Luis Leon Sanchez (Astana-Premier Tech) detonates and goes out the back, leaving Vlasov further isolated.

Fortunato takes the lead. They’ve got 38 seconds on the chasing group of four.


Ineos is still setting tempo. The second rider there is swinging his arms around so as to get a full-body workout. Or maybe he’s shaking blood into his hands, or gesturing (“What have I done?!”) Also of note is that Simon Yates (Team Bike Exchange), who has been at the very back of this group all day, has moseyed up the side to have a quick peek at what’s going on.


Oh, dear. Nibali, a former Giro winner, is sawed off. He’s showing his age for sure.


Evenepoel is still in the lead group but toward the back. He doesn’t look very happy.


Another Ineos rider blows.


The wind is blowing sheets of mist over the road. Looks like pretty miserable conditions, though really it’s mainly the riders making things miserable for one another. Damn, I’m getting cold just watching. Poor, poor me.

So leading the shrinking GC group we’ve got a couple of Ineos henchmen, then Bernal, then Vlasov, then Giulio Ciccone (Trek-Segafredo), who sits 8th on GC, 2:24 down on Bernal.


The chase group isn’t making any progress. Look at all that snow!


One of these dudes is already in his lowest gear. What the photo doesn’t show, though, is that he’s spinning it at a pretty high cadence.


In the chase group, Covi attacks. Too late, surely.


And up the road, Fortunato attacks Tratnik!


He quickly gets a decent gap!


Evenepoel (#91) is toward the back of the peloton, not looking good!


Fortunado is really suffering! And now a douchebag spectator runs alongside Fortunato, giving him tactical tips or perhaps trying to turn him on to Dianetics, and actually bumps into him, knocking him sideways! Fortunado looks absolutely stricken! Unbelievable!


Back in the rapidly dwindling GC group, Daniel Martinez (Ineos Granadiers) continues to pummel everyone, Bernal tucked safely in behind him. Buchmann is hanging tough. Vlasov looks like he’s on the rivet.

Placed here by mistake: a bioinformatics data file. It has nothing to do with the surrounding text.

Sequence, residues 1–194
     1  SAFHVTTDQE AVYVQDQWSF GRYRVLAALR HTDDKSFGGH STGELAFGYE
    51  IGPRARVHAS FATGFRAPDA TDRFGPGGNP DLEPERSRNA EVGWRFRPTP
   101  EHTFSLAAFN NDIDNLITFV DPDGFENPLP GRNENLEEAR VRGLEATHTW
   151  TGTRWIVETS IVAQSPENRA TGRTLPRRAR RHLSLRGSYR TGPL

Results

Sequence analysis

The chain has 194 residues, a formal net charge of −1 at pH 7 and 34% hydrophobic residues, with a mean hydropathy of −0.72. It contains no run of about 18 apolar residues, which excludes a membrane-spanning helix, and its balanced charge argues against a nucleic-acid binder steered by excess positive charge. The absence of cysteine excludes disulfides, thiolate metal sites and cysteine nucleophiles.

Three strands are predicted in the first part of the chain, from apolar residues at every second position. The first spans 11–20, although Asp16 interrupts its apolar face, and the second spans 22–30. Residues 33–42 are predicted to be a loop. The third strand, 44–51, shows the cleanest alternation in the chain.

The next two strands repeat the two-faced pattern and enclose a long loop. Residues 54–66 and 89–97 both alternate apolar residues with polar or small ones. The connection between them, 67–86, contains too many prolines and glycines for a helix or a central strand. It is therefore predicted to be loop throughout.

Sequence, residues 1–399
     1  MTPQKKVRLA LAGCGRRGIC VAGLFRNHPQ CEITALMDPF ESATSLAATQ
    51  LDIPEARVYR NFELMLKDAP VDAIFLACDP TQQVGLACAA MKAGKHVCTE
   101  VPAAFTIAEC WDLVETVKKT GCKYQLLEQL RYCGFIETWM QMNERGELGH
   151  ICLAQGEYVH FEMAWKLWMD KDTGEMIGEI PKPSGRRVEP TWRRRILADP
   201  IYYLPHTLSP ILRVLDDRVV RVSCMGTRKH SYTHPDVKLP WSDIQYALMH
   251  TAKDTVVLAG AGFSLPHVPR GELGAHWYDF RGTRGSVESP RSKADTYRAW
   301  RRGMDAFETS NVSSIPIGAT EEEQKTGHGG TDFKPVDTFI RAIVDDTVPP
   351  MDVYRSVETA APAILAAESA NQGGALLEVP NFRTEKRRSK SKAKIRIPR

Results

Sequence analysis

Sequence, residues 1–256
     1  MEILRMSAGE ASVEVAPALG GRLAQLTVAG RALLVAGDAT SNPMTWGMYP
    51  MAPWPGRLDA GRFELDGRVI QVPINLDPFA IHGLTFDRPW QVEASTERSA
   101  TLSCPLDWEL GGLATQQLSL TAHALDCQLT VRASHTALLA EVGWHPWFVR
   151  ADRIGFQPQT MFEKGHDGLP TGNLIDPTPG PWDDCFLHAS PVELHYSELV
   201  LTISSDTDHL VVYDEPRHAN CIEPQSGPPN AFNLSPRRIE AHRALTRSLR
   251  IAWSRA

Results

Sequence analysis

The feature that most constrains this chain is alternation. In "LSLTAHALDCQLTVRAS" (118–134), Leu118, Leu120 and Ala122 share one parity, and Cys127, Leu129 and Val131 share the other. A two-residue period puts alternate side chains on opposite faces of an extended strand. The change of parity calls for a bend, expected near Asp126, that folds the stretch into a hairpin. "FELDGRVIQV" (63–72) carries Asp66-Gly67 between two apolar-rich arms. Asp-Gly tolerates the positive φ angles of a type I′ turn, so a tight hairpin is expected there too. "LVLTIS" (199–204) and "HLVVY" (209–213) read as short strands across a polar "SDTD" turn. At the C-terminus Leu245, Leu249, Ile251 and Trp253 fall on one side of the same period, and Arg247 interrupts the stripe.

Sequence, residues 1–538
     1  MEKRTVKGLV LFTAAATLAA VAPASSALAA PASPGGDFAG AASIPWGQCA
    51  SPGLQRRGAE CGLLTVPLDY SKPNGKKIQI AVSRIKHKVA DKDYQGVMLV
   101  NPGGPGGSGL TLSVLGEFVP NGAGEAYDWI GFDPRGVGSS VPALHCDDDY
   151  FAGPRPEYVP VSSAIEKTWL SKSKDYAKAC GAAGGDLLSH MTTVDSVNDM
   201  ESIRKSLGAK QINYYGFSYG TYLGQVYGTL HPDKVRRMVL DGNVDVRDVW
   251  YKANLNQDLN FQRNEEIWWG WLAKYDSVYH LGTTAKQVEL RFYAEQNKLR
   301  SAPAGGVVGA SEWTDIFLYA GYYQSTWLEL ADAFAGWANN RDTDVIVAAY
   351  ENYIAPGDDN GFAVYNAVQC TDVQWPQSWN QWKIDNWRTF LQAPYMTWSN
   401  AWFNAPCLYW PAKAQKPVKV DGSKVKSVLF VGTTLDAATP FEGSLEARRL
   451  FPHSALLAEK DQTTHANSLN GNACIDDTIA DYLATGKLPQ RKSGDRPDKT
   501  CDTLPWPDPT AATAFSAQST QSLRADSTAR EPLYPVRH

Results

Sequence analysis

OMG, Evenepoel is going out the back! Poor dude!


And now, what’s this!? Yates, who has been loitering in the back all day like he always does, comes out of nowhere and attacks, for the first time in this Giro, and possibly in his entire life!


It’s a totally legit attack, too! None of this halfhearted “my directeur sportif said I have to do something so I’ll check that box” kind of bullshit you see so much. Only Bernal can hang with him!


Up toward the finish, Fortunato has only 600 meters to go and still a solid gap!


Yates and Bernal leave the rest of the GC riders for dead! They’re gaining massive time!


Fortunato looks like he’ll get this, but he also looks utterly horrified! He’s staring into a deep existentialist void, in uncharted emotional territory because this is a guy who (the announcers tell me) has literally never won a bike race in his life! He’s probably thinking, “I know I’m going to screw this up, but how?!”


Tratnik is utterly dying and starts weaving like a drunk! The center cannot hold! Weird pink shapes are appearing, hovering above the road … or is that me hallucinating? Do you see them too?


Fortunato is all alone! Not just on the road, but in the universe! There are fans, sure, but they don’t know him!


A wall of mist blows through, yanking Fortunato’s soul from his body and diffusing it across the entire universe!


The young man’s soul is returned to him, just in time for him to cross the finish line in victory!


Fortunato is delighted, but also emotionally obliterated! His psyche has undergone trials that baseball players, cheerleaders, and fire marshals have never dreamed of!


Behind, Tratnik has managed to get his bike pointed in the right direction again, and slogs toward the line, the wet wind yanking atoms from the surface of his body.


Tratnik crosses the line, utterly ruined. His suffering is absolute.


Returning to the GC battle, Bernal has attacked and dropped Yates! Now he overhauls Bennett!



As he approaches the line, Bernal blows by Mollema, who looks back as if to ask, “Where the hell did he come from?”


Bernal crosses the line and starts the real clock: how much time will he take from the others, padding his GC lead?

Vlasov is dying! Poor guy!



Vlasov finishes … he’s lost at least another minute to Bernal.